ASIC report notes Gen Y taking loans to pay their BNPL loans; market DGAF
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Buy now, pay later companies are breathing a sigh of relief after a long-awaited Australian Securities and Investment Commission report scrutinising the industry stopped short of imposing new regulations on the sector.
First, the big numbers from the report, which was released on Monday after being delayed because of the pandemic:
Quite the growth. ASIC notes the total balance of outstanding debt from these arrangements “grew from $476 million in April 2016 to over $903 million by June 2018”. And that was two years ago.
The kids love BNPL. An over-represented 60% of the buy now pay later users in ASIC’s review were aged between 18 and 34 years old. They noted the arrangements “allowed them to”:
Overall, ASIC found that one in five consumers had missed payments, and in 2018/19 missed payment fee revenue for the year totalled over $43 million.
But 15 per cent had taken out additional loans to pay their BNPL debt. Half of those 15 per cent were under 30.
And some 70 per cent of those who had taken out another loan to make their BNPL payments on time had also missed a payment.
“While working for the majority of users, some consumers are suffering harm,” the agency said.
But here’s what the market heard – ASIC said that “policy and regulation of the buy now pay later industry remain a matter for Government and, ultimately, the Parliament.”
So generally, it was high-fives all round.
So far, the Parliament hasn’t shown much appetite for regulating the industry. An interim report by Senate in September concluded it could self-regulate.
“Because innovation like ‘buy now, pay later’ often occurs on the fringes of regulation, it is inappropriate to force each innovation into a one-size-fits-all approach,” the Senate Select Committee on Financial Technology and Regulatory Technology concluded.
Four of the six companies ASIC scrutinised – Afterpay (ASX:APT), Zip (ASX:Z1P), Openpay (ASX:OPY) and humm owner Flexigroup (ASX:FXL) – said they welcomed ASIC’s report. Their share prices didn’t seem much budged by the news, either.
Zip co-founder and chief operating officer Peter Gray said the report showed the continued growth and popularity of the BNPL sector in Australia.
“We have just been through the biggest economic shock for decades and the BNPL sector has held up extremely well, with the flight to online spend and very low levels of consumer hardship – a point recognised by the report,” he said.
Just 1 in 100 Zip Pay customers are late every month, and the company makes less than one per cent of its revenue from late fees, he said.
Zip Co shares dipped 0.6 per cent to $5.965 on Tuesday and fell 0.8 per cent on Monday.
Afterpay said in a statement authorised by chief executive Anthony Eisen said the report “demonstrates that BNPL is a collective term to describe a range of new businesses with fundamentally different business models.
“Why Afterpay is clearly the largest of the companies profiles (73% of the total value of BNPL transactions), Afterpay represents a relatively small proportion (27%) of BNPL related consumer debt,” the company said.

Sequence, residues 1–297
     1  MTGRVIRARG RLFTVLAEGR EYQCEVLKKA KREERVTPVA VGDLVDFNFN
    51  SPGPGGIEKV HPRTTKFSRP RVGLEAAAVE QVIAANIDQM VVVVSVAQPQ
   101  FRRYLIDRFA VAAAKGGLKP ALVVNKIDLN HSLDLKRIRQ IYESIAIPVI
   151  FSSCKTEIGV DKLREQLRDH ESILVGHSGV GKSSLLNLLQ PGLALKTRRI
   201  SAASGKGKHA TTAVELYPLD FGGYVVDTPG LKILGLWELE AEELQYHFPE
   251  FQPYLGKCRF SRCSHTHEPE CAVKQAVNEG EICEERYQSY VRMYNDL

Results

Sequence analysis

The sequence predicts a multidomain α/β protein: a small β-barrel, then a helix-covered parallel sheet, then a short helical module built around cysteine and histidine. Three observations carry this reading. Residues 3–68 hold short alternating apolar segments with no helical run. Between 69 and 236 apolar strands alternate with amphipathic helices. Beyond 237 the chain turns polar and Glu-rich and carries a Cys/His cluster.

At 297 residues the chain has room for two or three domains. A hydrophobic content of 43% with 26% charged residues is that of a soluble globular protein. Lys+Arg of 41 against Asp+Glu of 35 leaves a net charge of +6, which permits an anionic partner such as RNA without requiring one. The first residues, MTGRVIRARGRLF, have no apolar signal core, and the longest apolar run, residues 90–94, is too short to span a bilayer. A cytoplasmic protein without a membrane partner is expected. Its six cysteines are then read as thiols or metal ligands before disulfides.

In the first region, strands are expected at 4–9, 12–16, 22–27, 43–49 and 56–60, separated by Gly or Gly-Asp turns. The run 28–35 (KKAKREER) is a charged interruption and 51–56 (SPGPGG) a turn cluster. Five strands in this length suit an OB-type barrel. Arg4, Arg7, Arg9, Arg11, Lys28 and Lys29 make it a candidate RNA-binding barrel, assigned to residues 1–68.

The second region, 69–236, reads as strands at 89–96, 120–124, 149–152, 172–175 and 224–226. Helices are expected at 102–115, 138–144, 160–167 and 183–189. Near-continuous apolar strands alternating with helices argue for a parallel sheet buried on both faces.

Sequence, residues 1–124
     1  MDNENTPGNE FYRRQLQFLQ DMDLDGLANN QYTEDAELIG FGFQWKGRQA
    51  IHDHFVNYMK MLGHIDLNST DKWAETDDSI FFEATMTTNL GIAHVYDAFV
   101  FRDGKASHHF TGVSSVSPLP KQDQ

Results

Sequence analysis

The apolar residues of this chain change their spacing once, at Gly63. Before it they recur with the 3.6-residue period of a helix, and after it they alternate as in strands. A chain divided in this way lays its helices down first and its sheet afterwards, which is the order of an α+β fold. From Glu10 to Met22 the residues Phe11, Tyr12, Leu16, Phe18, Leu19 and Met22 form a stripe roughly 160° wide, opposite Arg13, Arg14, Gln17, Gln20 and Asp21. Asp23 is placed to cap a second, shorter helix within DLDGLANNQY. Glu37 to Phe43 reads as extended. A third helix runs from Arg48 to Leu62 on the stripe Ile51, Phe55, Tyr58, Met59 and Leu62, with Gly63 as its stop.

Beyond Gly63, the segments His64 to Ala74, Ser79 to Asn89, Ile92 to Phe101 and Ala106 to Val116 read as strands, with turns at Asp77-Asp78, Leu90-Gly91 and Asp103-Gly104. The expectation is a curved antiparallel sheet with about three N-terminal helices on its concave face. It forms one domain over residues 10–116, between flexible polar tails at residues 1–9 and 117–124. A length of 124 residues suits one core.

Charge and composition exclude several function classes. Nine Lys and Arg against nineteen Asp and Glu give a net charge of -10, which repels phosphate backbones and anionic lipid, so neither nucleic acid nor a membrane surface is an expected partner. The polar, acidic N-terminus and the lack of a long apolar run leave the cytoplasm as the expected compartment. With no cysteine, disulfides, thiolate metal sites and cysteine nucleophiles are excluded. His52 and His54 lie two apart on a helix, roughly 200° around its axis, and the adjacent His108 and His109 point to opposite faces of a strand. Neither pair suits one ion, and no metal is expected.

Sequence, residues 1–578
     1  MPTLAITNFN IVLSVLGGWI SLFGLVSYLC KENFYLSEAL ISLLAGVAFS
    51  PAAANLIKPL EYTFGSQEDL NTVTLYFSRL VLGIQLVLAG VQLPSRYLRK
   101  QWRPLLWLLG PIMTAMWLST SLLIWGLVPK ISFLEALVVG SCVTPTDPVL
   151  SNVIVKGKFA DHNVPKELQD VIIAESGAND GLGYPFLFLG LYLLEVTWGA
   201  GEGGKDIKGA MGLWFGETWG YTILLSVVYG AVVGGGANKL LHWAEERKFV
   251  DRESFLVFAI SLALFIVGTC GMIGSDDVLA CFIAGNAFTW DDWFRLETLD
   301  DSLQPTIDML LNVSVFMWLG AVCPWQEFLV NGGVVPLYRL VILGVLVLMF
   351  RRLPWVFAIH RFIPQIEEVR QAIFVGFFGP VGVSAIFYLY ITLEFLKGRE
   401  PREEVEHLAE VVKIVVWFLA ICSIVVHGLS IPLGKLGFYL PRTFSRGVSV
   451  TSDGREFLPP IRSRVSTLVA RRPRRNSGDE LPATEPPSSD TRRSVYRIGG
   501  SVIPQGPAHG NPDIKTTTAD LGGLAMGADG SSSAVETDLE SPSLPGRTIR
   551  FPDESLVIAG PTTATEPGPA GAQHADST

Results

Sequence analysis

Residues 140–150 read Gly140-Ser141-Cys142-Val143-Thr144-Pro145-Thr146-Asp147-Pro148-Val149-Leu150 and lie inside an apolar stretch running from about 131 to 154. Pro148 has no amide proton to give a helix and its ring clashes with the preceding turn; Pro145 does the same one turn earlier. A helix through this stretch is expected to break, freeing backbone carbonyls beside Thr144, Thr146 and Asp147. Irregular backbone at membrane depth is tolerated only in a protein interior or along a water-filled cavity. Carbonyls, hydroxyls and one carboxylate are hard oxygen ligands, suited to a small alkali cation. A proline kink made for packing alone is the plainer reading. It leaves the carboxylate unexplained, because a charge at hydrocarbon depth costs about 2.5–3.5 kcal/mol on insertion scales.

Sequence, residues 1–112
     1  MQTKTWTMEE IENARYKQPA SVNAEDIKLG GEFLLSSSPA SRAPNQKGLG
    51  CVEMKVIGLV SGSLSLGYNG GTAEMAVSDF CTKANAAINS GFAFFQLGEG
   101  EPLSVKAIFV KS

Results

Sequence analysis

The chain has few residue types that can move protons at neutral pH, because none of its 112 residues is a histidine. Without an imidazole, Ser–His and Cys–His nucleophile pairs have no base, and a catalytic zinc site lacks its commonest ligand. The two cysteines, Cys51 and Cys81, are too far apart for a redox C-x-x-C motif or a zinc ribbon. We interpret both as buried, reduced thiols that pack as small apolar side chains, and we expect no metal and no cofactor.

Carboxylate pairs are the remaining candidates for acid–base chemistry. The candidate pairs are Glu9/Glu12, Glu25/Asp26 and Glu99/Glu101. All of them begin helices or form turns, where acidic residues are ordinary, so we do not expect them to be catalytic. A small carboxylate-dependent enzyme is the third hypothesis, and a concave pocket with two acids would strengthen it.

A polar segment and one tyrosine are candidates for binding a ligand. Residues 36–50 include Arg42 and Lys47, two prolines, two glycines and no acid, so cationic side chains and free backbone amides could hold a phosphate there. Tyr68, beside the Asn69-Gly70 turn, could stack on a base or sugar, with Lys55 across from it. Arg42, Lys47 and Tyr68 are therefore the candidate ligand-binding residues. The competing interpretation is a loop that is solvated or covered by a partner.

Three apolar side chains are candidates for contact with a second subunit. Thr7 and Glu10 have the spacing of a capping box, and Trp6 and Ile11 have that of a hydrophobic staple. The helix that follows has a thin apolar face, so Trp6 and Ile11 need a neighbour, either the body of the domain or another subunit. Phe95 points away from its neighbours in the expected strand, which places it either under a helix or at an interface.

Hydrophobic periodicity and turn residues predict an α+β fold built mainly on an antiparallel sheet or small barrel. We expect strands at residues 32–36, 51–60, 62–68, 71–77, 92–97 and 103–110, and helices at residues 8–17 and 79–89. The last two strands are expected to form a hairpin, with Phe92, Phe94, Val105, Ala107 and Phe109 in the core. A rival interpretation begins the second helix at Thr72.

“Afterpay has never enforced a debt nor does it sell debts to collection agencies,” it added.
On Tuesday afternoon APT shares were down 4.5 per cent to $96.77 on the day of its annual general meeting, after dipping 0.4 per cent during Monday’s brief 24-minute outage-plagued trading session.
Humm owner Flexigroup – whose shares were up 1.2 per cent on Tuesday after a flat brief session on Monday – said the report recognised the sector had added a range of protections and safeguards since ASIC issued a previous report in November 2018, such as preventing consumers from making a purchase once they’ve already missed a payment and transparent contract terms for merchants and customers.
The updated report “demonstrates ASIC’s tailored and proportionate approach to regulation of the Buy Now Pay Later sector, recognising the importance of striking the correct balance between supporting competition and innovation, while effectively addressing areas of emerging risk,” Flexigroup says.
Flexigroup chief executive Rebecca James said the Senate committee’s decision in September to allow the industry to self-regulate was a “ringing endorsement of the industry’s commitment to good consumer outcomes”.
Openpay chief executive Michael Eidel said the company was “grateful for ASIC’s ongoing review of the sector and welcome the implementation of the BNPL Code of Practice, which is expected to come into effect in early 2021.”
The other two BNPL offerings that the ASIC report scrutinized are Brighte, an offering by private company Brighte Capital, which helps Australians afford solar, batteries and home improvements; and Payright, which last week announced plans to list on the ASX.
Bell Direct market analyst Jessica Amir said the broker raised its price target on Afterpay on Tuesday, from $137 a share to $140, following the fintech leader announcing at its AGM it would be expanding into Asia and Europe following its launch in Canada in August.
The company also announced that co-founder Nick Molnar would resume his co-CEO role with Anthony Eisen and relocate to the United States as soon as possible.
But Amir said in the short term, the BNPL might be due for a breather share price wise after its tremendous run in 2020.
“The sector is losing a bit of heat because of the rotation into cyclicals,” she said.
“The momentum is still there but do I think a little cream will come off the tech sector? Yes”